Sweater Much To Big

I just finished knitting a V-neck pullover sweater for myself and it is much to big.

I used Lion Brand Chunky weight yarn, called Wool-Ease Thick & Quick. It is acrylic and wool blend.

I checked my gauge and thought it was correct and used Size 17 needles and followed the directions for a size large.

After I was finished and it was put together I found out it was much to big. I took it all out and am starting over.

I carefully checked my gauge again and this time I came up with Size 19 needles and I am trying out the size small to see if this will be ok.

The gauge is 22 stitches, 9 stitches in every 4 inches.
The pattern is Row 1, knit 1, purl 1 until the end. Row 2 knit all stitches. Repeat the 2 rows for pattern.

Any help with this problem will be grateful.:woohoo:

Your swatch is only an indication of your yarn/ndl tension when you create it. Time of day, fatigue level, etc can all factor into the tension. Thus, and esp if you’re a new knitter, you should be checking your gauge while working. Some knitters tend to relax once they get into a project and establish a rhythm.

cam

I’ve been knitting for about 2 years (madly, constantly, without ceasing!), and I know just what you mean. I agree with cam90066 that how you feel every time you sit down can affect how your guage is going.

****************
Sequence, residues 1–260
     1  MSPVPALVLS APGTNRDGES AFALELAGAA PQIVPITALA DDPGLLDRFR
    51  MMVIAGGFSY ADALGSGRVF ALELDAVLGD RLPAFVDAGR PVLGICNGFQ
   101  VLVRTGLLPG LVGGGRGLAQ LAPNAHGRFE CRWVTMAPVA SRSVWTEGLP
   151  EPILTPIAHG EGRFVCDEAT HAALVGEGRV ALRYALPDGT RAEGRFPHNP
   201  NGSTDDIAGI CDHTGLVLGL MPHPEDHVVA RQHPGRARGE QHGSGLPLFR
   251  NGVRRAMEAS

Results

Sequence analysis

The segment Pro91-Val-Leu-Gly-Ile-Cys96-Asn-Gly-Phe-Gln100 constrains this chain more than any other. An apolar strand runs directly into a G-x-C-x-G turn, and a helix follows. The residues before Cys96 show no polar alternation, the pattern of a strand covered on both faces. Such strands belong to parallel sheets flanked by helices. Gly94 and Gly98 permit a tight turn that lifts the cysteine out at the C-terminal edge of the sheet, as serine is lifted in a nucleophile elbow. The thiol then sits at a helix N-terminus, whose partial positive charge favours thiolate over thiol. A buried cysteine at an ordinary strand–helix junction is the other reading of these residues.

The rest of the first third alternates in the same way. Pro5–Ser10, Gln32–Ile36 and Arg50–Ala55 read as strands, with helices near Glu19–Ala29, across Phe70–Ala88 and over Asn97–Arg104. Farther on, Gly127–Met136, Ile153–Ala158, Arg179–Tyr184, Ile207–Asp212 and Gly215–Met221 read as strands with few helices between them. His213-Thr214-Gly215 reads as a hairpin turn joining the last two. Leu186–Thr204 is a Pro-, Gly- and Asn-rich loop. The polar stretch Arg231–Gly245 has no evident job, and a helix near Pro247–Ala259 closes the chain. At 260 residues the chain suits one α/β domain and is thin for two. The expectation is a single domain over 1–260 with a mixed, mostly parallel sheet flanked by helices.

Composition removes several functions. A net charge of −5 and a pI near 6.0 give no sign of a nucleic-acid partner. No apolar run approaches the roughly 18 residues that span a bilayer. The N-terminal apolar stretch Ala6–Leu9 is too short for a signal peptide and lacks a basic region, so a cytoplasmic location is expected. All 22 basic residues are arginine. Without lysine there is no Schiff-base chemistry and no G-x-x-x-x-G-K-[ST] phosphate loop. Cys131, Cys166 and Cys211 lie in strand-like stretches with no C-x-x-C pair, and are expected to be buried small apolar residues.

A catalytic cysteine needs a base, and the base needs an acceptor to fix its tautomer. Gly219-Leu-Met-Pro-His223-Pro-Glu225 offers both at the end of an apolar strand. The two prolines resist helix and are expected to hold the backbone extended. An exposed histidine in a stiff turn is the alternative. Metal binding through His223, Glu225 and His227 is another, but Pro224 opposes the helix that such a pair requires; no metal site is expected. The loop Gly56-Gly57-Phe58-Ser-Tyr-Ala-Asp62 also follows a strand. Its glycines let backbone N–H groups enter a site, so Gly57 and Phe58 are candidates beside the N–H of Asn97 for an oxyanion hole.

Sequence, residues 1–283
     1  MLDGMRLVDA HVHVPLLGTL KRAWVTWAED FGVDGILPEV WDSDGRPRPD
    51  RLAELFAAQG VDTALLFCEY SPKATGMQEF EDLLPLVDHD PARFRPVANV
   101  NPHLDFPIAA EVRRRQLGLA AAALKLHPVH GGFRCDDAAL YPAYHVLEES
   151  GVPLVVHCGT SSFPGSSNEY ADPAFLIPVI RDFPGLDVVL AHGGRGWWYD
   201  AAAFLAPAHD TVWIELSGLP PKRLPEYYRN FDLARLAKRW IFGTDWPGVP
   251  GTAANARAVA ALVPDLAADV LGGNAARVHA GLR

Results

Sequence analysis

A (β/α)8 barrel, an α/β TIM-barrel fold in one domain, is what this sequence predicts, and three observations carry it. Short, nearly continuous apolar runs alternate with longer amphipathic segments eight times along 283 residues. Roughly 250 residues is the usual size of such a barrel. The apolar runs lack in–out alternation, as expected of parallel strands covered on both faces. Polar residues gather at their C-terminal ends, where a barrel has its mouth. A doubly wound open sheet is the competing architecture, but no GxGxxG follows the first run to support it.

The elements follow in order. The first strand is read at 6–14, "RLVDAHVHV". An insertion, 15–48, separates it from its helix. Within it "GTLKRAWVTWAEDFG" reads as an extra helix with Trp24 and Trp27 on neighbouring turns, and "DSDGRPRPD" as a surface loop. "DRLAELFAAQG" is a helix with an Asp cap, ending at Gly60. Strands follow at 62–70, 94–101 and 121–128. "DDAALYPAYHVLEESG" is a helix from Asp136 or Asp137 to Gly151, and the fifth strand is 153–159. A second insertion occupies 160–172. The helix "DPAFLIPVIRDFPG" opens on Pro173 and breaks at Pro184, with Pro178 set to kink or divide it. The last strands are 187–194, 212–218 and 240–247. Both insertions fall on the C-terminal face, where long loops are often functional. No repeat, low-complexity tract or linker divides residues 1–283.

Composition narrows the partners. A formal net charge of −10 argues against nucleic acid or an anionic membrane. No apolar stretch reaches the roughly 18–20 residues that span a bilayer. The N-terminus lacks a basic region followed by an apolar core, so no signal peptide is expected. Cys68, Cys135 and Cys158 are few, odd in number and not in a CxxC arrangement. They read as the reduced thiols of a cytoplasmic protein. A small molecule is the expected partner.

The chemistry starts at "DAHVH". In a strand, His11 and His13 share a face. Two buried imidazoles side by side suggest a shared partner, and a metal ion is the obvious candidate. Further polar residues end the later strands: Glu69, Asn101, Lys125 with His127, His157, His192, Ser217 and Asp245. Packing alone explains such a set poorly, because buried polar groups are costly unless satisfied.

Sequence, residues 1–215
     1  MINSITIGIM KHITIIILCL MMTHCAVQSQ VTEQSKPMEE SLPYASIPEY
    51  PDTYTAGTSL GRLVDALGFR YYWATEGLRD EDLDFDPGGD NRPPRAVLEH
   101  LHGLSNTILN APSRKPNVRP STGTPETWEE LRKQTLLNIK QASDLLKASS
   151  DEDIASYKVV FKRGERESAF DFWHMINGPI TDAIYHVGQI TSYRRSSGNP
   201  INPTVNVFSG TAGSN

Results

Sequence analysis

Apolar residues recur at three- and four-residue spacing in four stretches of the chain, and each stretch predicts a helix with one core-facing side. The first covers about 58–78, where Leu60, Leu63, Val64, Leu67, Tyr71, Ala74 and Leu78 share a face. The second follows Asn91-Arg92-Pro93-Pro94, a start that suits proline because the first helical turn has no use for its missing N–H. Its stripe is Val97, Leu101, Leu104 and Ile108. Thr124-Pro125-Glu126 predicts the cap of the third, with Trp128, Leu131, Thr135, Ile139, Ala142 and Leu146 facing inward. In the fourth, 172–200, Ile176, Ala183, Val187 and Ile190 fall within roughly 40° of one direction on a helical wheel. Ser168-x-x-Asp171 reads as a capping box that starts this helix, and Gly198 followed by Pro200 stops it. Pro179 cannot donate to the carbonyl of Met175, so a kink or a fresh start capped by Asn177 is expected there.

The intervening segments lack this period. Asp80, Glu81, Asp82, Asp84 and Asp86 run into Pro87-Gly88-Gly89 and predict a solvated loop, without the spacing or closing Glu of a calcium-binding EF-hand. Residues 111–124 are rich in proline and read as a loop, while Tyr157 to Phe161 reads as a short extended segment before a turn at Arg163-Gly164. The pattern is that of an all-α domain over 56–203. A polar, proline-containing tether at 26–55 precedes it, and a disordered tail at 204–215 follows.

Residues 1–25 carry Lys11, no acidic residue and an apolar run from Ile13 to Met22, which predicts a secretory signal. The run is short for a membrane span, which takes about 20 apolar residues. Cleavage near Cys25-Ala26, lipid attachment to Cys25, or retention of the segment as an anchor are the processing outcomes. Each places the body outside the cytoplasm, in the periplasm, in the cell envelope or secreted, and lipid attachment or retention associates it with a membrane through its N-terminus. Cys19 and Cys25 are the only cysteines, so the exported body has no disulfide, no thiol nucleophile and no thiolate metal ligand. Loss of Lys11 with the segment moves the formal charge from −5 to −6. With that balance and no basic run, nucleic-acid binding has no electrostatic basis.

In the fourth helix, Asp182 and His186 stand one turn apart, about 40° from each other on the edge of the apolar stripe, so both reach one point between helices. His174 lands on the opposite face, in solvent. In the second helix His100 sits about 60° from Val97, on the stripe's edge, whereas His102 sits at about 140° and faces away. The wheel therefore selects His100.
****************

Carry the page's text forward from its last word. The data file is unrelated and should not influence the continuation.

When I first started knitting my guage was all over the place during any given piece of knitting, so I know how frustrating this can be. Solution?..it’s [I]so[/I] worth stopping every [B]4 or 5 rows[/B] to lift your work up, take a good look at it and keep your measuring tape handy. If you start to notice changes stop and think about how you feel…are you getting tense, are you tired, is your knitting slackening up because you are relaxing with it…all of things will translate straight into your needles!
You could also insert a lifeline every so many rows, especially if you’re working with a pattern, or just tag the end of every so many rows with a little coloured thread so it’s easy to see how far you’ve worked, then it’s easy to see where the work started to change.
If you check your work [I]often[/I], then if it’s going “off” it’s far simpler & faster to frog out a few lines than to end up having to take out all that hard work at the end. Then you can take into consideration what might be making it alter and make amends!
I really hope this helps, it certainly has worked for me!

Also, check the size of the sweater you’re making. Measure a sweater that fits you well and make sure those measurements match the ones in the finished size of the sweater. Not everyone’s ‘large’ is the same.